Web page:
· Need for an integrated set of data analysis and visualization tools to examine complex disease interactions. Because plant diseases result from interactions of multiple factors, including host, pathogen, and the environment (“disease triangle”), an integrative understanding of the role of individual components, as well as synergistic and/or antagonistic interactions among them during disease epidemics is pivotal to implement effective disease management strategies (Milgroom and Peever, 2003). Therefore, it is critical to develop a comprehensive data management system for information capture and integration, coupled with analysis and exploratory visualization apparatus to identify principal risk factors and uncover potential interactions among them (e.g., variables such as temperature, precipitation, wind direction, nutrient management for the environment; virulence, genetic diversity and recombination potential of pathogen). The geographic origin of the strains to be analyzed in this project can be linked to vast digital archives of geographic and environmental data via the GeoVISTA Studio tools. The importance of such a system will grow as we accumulate more data and attempt to understand plant disease epidemics in the context of agroecosystems.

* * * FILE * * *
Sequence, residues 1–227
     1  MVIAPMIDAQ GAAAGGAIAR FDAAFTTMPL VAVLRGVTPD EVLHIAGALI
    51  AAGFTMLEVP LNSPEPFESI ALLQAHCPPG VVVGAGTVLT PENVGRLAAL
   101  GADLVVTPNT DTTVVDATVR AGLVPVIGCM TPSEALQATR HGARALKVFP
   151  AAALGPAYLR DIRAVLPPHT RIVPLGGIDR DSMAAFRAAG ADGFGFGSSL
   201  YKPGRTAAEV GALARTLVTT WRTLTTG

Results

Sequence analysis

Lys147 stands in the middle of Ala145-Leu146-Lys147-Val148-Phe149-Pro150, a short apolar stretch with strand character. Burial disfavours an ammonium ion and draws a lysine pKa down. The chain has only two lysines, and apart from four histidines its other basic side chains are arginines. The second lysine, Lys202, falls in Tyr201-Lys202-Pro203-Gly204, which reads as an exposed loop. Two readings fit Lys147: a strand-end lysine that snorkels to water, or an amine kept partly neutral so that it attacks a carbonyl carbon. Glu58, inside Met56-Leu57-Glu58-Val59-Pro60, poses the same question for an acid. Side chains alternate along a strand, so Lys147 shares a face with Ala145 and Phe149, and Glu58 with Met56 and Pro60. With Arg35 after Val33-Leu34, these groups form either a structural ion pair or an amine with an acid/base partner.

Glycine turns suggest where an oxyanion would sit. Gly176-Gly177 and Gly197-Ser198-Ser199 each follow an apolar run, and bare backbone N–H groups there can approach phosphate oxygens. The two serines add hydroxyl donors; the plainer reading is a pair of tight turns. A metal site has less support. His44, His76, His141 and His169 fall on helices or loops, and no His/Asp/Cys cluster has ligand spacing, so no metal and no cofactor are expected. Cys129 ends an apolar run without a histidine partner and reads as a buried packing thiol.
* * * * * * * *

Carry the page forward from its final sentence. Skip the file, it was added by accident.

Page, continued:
· Need for building and maintaining pathogen culture/data collections as a community resource. Although the importance of preserving microbial strains for future reference and study is widely accepted (Agerer et al., 2000; Grimes et al., 2001), resources for supporting culture collections and genetic diversity studies using these collections have been scarce (Normile, 1999; Wilson, 2003). As witnessed over the past two years, the WPC faced a serious threat of losing its collection due to termination of state support. Although last minute support from academia and industry avoided an imminent closure, depending on the emergency good will of the community is not a viable, long-term solution. Maintaining existing plant pathogen culture collections and associated data, which are main links to past disease epidemics and research activities, is urgently needed as they serve as essential foundations for agricultural security by supporting forensic work, disease management, and regulatory measures. Loss of isolates utilized in previous studies often makes it difficult for other scientists to reproduce and expand these studies. Building and maintaining pathogen culture/data collections should also be viewed as an essential link between pathogen genomics and the analysis of the genetic and phenotypic diversity and variation among populations of individual species and between species. Genomics typically concentrates on a single isolate of a given microbial species. However, because populations of strains that vary in many pathogenic traits cause crop loss, knowing the complete genetic makeup of a single isolate is insufficient for fully understanding disease potential and dynamics in agroecosystems. Materializing the full potential of microbial genomics as a foundation for the development of novel disease control strategies will hinge on achieving a comprehensive understanding of the genetic and phenotypic diversity within pathogen populations in nature, using the biology of sequenced isolates as a reference. The strong endorsement by scientific communities of pathogen genomics as a foundation for plant biosecurity (NRC, 2003; Beale et al., 2002) also underscores the importance of culture collections. To increase the use and value of existing culture collections, it is essential to preserve and expand key culture collections, characterize the genotype and phenotype of isolates within these collections, and archive the resulting data in a format that can be easily shared and accessed. Such data also provide a framework for the efficient use of limited resources in culture collections to insure that under-represented species/strains are preserved.